Dauntless had him with the air of an overgrown public schoolboy - a comparison was made in the character notes to George from Blackadder, which just seemed perfect to me.
Captain Corcoran - The captain of the Pinafore is portrayed as a fairly reasonable and generous man, and a good officer - but he is rather set in his ways, and feels quite strongly about the hierarchy of social rank.
Ralph Rackstraw - (Reminder, Ralph is pronounced 'Rafe') The romantic lead. Fairly standard romantic tenor stuff, but to my mind the best romantic tenor part there is. My favourite role in all of G&S (I think I've mentioned that before).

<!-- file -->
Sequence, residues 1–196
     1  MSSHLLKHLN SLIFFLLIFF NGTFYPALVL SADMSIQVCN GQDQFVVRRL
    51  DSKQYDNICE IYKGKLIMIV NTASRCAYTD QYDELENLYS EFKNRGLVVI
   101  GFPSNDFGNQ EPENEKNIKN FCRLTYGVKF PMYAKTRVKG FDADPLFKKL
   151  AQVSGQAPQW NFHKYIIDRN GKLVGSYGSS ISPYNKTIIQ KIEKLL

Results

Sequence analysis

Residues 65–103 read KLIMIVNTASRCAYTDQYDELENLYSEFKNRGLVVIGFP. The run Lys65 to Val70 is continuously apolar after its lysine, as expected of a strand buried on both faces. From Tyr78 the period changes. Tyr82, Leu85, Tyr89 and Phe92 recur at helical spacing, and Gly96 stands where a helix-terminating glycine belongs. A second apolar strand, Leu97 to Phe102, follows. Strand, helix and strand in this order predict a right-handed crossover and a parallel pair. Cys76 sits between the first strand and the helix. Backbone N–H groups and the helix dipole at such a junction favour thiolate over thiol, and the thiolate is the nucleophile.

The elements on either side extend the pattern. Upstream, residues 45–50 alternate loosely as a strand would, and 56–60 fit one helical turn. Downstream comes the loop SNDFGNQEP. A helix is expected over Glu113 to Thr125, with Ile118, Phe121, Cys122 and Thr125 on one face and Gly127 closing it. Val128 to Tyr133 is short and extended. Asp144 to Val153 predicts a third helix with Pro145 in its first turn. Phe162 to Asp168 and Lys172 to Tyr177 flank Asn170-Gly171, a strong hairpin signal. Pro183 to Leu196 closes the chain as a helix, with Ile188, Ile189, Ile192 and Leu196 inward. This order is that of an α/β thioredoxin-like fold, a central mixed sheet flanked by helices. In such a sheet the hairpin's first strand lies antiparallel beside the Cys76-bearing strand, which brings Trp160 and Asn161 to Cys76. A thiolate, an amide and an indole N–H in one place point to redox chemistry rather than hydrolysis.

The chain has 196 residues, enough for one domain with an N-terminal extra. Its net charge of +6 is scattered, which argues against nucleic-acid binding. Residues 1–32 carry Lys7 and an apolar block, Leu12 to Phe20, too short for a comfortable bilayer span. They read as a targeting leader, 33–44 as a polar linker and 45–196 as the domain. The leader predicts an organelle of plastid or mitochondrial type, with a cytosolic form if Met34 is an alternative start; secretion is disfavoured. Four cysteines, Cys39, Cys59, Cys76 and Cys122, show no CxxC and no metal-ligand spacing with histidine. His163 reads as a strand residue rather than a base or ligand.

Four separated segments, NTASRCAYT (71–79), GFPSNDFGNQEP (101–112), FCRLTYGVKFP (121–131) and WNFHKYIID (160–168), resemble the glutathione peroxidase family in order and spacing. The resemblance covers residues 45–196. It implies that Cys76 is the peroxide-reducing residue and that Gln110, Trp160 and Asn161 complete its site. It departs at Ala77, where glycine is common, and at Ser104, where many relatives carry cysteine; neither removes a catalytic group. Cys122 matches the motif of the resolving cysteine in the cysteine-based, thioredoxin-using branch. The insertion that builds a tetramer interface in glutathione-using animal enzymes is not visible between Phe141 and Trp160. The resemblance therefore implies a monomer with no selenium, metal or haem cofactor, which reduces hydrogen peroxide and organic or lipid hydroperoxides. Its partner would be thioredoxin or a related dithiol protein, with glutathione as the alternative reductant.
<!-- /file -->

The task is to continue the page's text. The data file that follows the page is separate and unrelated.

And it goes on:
Dauntless Ralph was a recovering alcoholic. I'll be honest, not a character interpretation about which I'm overly enthusiastic, though I can understand the rationale behind it and it makes a certain amount of sense. I just love traditional Ralph though.
Dick Deadeye - Antagonistic. All the other characters dislike him, abotu which he's resentful. At times it actually seems like anything he says, the other characters will automatically disagree with, even if it makes perfect sense. And sometimes he is the one saying the thing that would make sense in the real world, but it's rejected by the others because this is topsy-turvy G&S World.
Dauntless interpretation had him more creepy and unpalatable rather than angry, which I loved.
Boatswain - Voice of the chorus, basically. Gets the Englishman song. Generally just dependably there. Kind of a glorified chorus member to be honest.